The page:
Quantum Lyrics explores the poetic in scientific polemics. Jordan writes in equations, including historical figures, comic book characters, the speaker’s family and acquaintances. Certain pieces, specifically “R&B” and “The Green Lantern Unlocks the Secrets of Black Body Theory,” stand out, capturing the simplicity, elegance, and austere beauty (and humor) of the scientific. Other poems seem pedantic in comparison, as if they were merely an exercise in completion.

As a volume of work, Quantum Lyrics feels poorly organized. In some sections, he moves chronologically through time. During others, he favors thematic grouping. To his credit, Jordan uses head notes to orient the reader. He even goes so far to include a notes section at the end of the volume, but omits the corresponding in-text references that would anchor their functionality. It is of note that many poems were published singularly and read well independently from the others. In some respects, the project seems like brainchild of a gifted poet in love or in mourning—the clarity of his vision circumstantially skewed.
Profile Image for Abraham.
Author 3 books15 followers
March 7, 2008
This book was pretty disappointing after the brilliance of MACNOLIA. Here AVJ completes a series of poems mostly about Einstein (also about some comic book characters) and does so using the schtick of involving language in mathematics or einsteinian physics in his descriptions (mostly persona poem monologues) of human situations - these overlays are obvious and uninteresting - relativity being used to explain how time seems to slow when you are with a beautiful woman, the simple forms of equations (a=b) being used to discuss how african americans and white people at princeton were not treated equally. The relationships between the two worlds are basic substitutions and involve none of the actual concepts of quantum physics or relativity or any real grappling with what these things mean in the world. Furthermore, the trope of talking about relativity and quantum physics this way is half a century old by now, and even less interesting.
21 reviews
September 29, 2014
I appreciated this book for it's clarity, Jordan's matter-of-fact way of writing, and the concepts he employed to do his work. Personally, the book is inspiring to me because the conceits he used for his superhero poems are things I've been wanting to do for years and felt I needed permission, precedent, or a blueprint.

For all of the good things this book did for me and the emotions it evoked, I don't recall being floored by too much in it. It was solid. I'm glad I read it. This copy was borrowed from a friend and I plan to buy my own copy. That said, it's not the best book of poetry I read this year.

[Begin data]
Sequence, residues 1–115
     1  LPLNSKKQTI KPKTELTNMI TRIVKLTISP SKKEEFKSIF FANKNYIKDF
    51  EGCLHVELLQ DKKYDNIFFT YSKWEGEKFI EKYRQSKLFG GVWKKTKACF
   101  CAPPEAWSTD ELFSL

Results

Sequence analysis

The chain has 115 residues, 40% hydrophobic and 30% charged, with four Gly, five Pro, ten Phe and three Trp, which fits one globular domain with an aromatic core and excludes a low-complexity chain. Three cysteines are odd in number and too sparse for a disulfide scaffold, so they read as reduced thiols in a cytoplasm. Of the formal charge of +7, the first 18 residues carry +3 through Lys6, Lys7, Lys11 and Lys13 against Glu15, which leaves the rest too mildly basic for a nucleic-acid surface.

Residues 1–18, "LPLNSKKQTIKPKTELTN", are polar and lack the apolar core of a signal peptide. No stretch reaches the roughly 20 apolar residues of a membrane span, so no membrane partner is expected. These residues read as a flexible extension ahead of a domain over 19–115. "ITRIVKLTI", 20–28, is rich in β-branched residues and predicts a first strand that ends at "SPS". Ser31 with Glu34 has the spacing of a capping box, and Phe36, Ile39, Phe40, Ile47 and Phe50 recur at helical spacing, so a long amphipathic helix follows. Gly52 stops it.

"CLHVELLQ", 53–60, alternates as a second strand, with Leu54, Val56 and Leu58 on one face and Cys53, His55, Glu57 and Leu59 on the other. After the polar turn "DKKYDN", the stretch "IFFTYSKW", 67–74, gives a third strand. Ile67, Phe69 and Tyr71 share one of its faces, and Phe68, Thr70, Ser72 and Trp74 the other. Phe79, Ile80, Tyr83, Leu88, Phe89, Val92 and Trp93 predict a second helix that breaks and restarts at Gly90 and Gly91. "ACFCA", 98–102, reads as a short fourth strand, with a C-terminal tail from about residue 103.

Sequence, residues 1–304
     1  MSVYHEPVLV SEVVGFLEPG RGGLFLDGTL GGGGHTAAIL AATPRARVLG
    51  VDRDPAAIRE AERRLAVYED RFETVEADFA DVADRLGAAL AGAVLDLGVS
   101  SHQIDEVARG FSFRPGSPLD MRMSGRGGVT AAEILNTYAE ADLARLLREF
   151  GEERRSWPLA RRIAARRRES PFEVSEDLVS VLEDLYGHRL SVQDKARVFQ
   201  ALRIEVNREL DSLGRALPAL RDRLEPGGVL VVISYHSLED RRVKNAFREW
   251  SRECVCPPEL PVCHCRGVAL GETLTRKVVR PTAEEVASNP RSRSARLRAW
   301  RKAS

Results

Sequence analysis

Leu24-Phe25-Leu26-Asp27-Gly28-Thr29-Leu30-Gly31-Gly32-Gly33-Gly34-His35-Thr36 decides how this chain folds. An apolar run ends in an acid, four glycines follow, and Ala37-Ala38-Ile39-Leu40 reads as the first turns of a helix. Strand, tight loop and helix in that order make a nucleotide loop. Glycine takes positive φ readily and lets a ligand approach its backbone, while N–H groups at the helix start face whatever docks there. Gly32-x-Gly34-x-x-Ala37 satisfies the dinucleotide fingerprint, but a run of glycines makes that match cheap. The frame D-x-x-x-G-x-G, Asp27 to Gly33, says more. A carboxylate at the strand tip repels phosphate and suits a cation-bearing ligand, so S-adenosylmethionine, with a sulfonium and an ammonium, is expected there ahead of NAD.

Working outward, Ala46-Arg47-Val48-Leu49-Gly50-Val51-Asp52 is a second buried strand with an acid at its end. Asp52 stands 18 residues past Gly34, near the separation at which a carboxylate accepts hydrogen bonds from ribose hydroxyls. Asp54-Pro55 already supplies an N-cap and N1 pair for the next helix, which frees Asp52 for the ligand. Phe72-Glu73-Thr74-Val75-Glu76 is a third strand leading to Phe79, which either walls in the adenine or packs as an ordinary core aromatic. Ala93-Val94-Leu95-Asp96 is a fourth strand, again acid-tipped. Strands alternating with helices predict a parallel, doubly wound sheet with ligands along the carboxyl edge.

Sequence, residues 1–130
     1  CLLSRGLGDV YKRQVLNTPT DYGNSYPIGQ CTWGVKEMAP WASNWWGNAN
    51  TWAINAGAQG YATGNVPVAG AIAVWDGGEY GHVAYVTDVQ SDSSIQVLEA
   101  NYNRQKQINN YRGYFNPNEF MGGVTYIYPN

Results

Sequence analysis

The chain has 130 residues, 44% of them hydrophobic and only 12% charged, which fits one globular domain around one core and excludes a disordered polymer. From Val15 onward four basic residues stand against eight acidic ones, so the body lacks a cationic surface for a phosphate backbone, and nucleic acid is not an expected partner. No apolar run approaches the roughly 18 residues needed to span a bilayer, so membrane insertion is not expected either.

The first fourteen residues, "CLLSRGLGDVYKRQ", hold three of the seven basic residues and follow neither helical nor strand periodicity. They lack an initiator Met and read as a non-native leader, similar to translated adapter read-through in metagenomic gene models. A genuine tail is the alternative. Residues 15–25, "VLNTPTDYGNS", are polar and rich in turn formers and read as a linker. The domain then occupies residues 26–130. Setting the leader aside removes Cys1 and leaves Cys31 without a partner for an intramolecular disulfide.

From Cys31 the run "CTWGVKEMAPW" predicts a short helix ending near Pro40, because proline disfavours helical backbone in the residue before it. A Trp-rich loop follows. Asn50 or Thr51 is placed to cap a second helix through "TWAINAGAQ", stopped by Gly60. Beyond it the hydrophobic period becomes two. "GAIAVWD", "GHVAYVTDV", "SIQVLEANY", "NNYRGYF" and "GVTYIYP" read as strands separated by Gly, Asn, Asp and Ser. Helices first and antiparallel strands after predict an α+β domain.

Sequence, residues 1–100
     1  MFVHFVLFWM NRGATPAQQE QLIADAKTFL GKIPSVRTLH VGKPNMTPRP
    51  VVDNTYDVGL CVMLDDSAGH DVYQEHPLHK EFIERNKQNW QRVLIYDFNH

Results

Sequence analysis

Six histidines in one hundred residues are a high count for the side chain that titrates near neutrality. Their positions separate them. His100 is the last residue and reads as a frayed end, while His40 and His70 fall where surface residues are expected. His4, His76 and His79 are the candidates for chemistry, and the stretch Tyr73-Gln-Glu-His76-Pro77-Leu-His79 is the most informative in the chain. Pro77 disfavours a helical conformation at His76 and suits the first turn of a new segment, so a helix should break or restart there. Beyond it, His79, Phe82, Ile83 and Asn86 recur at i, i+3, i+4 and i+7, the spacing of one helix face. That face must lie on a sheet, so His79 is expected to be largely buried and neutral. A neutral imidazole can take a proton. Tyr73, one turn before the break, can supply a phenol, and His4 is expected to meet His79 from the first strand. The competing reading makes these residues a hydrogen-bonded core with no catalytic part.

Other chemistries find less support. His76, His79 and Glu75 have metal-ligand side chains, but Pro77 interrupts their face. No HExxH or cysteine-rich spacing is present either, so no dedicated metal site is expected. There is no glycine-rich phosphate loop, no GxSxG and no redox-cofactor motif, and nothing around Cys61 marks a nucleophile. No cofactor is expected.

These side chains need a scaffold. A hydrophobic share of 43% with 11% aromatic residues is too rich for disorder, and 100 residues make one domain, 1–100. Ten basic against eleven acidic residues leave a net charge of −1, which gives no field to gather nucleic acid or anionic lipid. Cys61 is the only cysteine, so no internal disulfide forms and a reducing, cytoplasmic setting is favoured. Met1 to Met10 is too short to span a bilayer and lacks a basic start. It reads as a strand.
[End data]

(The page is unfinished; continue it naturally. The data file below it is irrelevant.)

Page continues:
Profile Image for Jamil.
638 reviews52 followers
August 7, 2007
great collection of poems about physicists -einstein, feynman, schrodinger- and science heroes -the flash, the green lantern, and the atom. the atom sequence of poems is amazing & has great titles like "The Superposition of the Atom" & "The Uncertainty of the Atom" & "The Atom and Hawkman Discuss Metaphysics". The notes & bibliographic sources in the back are really keen too.
Profile Image for Katey Schultz.
Author 10 books48 followers
March 18, 2013
Beautiful, lyrical, smart, and deeply imagined. Narrative after interwoven narrative fills this rich collection's pages, and it's impossible to appreciate all the richness with one reading. A. Van Jordan is a master and this book, perhaps his opus, invites readers into his layered and thought-provoking world.
Profile Image for Katarzyna Bartoszynska.
Author 10 books119 followers
September 3, 2016
I loved Macnolia, but this collection disappointed me. Perhaps because I have encountered the idea of physics as poetry many times, so I'm picky about its execution. To me, neither the scientists nor superheroes seemed all that successful as poetic devices. Although there were some very beautiful moments, the overall framework never quite did what it wanted to do, I think.
Profile Image for katie.
54 reviews
November 25, 2008
for some reason I was expecting the poems to be about physics equations. maybe that's why I was disappointed?
Profile Image for Antoine  McGrath.
19 reviews
June 1, 2018
Reminiscent of Einstein's Dreams in character, but with far less concepts and more attention to words themselves. A bridge between Einstein's dreams and Kenneth Koch's work.
Profile Image for Greg Bem.
Author 6 books16 followers
January 7, 2017
Sadly Mr. Jordan mistakes the essay for a lyric. Some great imagery and perspective here, but as poetry: terrorizing.
Displaying 1 - 30 of 30 reviews